Re: I already had wrote into here
> Reminding: I may not mount usb-stick for copying a data (directories) into
> the usb-stick.
> Earlier this usb-stick held 'Deb-8..iso' file, and it mount/umoun exactly.
As long as the ISO is recognizable, a mounted /dev/sdb will be read-only,
because ISO 9660 is a read-only filesystem.
You can make the ISO unrecognizable by
dd if=/dev/zero bs=2048 count=1 seek=16 of=/dev/sdb
Nevertheless, this will not make /dev/sdb mountable as writable filesystem.
You need a suitable partitioning and in the partition (or several partitions)
you need a writable filesystem (or several of them).
> root@debian:~# mount -v /dev/sdb /mnt
> mount: wrong fs type, bad option, bad superblock on /dev/sdb,
> missing codepage or helper program, or other error
So the ISO is successfully defaced meanwhile.
Now you need to check the partitionining. Is it still like last week ?
Device Start End Sectors Size Type
/dev/sdb1 2048 4196351 4194304 2G Linux filesystem
/dev/sdb2 4196352 8390655 4194304 2G Linux filesystem
/dev/sdb3 8390656 12584959 4194304 2G Linux filesystem
/dev/sdb4 12584960 15431304 2846345 1.4G Linux filesystem
Is it intentional that you have 4 distinct filesystems ?
Check whether /dev/sdb1 already has a mountable filesystem:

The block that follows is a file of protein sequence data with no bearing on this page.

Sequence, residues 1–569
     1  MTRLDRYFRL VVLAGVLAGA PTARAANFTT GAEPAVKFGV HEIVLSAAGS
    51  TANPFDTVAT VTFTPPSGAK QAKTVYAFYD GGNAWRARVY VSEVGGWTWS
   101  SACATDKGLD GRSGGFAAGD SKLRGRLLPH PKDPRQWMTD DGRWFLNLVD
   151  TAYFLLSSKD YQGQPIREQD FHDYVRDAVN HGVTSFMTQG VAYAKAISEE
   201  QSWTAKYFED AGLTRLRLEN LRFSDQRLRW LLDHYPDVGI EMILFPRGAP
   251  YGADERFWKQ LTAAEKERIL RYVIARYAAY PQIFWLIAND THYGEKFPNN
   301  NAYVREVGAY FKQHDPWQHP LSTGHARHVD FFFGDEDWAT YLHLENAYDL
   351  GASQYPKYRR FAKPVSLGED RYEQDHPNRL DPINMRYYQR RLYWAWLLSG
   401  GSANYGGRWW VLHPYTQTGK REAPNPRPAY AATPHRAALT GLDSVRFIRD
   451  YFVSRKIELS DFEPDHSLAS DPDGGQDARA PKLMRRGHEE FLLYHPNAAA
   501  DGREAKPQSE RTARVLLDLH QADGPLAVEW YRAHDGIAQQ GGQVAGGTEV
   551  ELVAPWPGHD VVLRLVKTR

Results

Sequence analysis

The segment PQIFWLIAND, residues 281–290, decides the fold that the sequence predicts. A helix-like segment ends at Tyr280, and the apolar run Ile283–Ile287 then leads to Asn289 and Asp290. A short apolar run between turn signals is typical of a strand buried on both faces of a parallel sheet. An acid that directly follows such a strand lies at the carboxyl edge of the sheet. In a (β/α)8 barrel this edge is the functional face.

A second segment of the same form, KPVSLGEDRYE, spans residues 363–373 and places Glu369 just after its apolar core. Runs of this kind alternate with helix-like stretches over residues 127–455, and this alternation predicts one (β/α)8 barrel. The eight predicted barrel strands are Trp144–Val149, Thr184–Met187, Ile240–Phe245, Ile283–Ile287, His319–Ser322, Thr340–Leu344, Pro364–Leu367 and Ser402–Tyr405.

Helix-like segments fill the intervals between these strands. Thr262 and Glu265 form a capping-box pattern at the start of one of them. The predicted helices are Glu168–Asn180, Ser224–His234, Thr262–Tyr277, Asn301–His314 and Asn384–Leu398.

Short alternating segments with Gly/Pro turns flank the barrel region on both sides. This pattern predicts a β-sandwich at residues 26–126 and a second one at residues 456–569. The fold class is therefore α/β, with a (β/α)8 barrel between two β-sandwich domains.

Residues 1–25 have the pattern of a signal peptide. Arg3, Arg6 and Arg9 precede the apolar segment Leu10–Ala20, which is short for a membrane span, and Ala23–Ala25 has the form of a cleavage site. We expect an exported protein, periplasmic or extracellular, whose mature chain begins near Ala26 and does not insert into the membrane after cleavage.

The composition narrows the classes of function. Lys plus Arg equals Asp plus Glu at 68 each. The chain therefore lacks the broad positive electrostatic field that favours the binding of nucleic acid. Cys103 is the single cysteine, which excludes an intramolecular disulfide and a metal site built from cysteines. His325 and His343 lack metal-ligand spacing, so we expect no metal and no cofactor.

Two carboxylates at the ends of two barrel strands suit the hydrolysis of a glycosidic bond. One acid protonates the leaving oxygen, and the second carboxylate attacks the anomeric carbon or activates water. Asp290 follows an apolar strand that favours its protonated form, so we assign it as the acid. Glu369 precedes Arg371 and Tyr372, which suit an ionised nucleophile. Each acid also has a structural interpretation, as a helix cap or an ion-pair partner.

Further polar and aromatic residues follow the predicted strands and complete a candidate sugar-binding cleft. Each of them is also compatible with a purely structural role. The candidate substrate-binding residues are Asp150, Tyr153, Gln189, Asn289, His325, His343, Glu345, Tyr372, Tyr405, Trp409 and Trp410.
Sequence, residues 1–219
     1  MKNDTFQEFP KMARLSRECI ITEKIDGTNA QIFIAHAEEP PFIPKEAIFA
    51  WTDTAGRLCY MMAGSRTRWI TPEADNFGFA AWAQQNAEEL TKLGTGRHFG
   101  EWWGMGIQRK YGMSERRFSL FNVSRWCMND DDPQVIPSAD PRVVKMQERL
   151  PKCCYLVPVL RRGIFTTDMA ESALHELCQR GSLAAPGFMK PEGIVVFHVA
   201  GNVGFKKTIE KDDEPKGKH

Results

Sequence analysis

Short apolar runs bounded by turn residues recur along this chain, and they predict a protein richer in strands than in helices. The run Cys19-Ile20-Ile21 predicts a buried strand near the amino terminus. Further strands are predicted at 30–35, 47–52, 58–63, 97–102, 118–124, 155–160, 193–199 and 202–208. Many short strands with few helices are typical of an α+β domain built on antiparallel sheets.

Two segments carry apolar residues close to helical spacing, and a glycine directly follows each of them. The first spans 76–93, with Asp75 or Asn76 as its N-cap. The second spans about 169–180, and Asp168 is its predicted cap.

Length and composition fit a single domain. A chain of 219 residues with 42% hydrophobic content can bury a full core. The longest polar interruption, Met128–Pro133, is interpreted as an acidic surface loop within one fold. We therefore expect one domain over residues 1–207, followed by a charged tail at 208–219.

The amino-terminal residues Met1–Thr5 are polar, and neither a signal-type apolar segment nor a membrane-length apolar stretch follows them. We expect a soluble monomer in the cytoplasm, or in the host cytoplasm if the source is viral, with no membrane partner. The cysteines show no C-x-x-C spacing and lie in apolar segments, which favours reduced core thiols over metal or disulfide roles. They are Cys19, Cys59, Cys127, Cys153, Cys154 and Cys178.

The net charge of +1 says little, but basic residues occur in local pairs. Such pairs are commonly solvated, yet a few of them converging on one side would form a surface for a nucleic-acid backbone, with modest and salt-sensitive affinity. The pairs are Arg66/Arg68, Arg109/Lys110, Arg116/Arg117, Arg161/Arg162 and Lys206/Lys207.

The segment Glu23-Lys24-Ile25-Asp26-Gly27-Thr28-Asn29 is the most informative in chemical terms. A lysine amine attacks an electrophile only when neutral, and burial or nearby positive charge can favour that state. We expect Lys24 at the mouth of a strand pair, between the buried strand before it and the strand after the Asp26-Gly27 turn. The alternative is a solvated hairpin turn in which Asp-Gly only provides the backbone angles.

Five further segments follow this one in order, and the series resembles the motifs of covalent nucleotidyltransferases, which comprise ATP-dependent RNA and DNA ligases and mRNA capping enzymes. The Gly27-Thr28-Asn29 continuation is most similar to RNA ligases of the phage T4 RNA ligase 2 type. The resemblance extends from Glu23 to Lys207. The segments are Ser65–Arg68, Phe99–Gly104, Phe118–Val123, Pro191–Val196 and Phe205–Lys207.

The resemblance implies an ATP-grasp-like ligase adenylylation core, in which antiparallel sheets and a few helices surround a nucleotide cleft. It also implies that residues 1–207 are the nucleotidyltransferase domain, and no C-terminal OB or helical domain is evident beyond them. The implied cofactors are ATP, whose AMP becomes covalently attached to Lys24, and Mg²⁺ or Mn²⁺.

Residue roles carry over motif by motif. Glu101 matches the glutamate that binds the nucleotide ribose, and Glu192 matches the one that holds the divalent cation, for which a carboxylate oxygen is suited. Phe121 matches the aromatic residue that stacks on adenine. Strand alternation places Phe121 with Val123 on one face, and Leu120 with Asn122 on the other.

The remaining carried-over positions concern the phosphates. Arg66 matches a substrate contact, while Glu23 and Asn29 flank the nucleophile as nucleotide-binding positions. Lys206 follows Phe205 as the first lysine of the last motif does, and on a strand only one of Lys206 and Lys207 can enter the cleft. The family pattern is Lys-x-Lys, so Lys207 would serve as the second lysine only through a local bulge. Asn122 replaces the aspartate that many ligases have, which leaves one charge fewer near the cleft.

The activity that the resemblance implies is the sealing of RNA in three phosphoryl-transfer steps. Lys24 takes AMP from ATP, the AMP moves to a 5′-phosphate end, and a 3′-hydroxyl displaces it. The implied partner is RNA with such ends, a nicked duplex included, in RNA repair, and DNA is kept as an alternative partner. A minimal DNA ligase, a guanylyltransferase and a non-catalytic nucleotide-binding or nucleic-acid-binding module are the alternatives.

mount /dev/sdb1 /mnt
Try whether this filesystem suits your needs:
Long filenames, distinction between upper and lower case, ...
If not mountable:
Then you need to create a filesystem partition /dev/sdb1.
Then you need to change the partitioning to what you want.
For example one large partition from block 2048 to 15431304.
Then you need to create a filesystem in the newly defined partition.
/sbin/fdisk can do deletion and creation of partitions. Take care not
to re-partition the wrong device.
If a new filesystem is needed, then program /sbin/mkfs may be used.
Important is to choose a suitable type. If MS-Windows shall be able to
read the files, then FAT on a small partition might be useful.
Else consider type "ext2".
If i google "linux make partition" i get valid advice about fdisk usage.
>From "linux make partition gui" i get to "Gnome Disk Utility",
"KDE Partition Manager", "GParted", and others.
The same way "linux make filesystem" and "linux make filesystem gui"
lead to mkfs examples and again to the GUI partitioning and formatting
In any case, /dev/sdb1, not /dev/sdb is the device to mount.
> Again I used a zoo of commands (cat, mv, cp, mkdir, [...]
> any (/sdb, /sdb1, /sdb2,..., /mnt, /media..) had been tried.
Be cautious with several of the possible combinations.
Have a nice day :)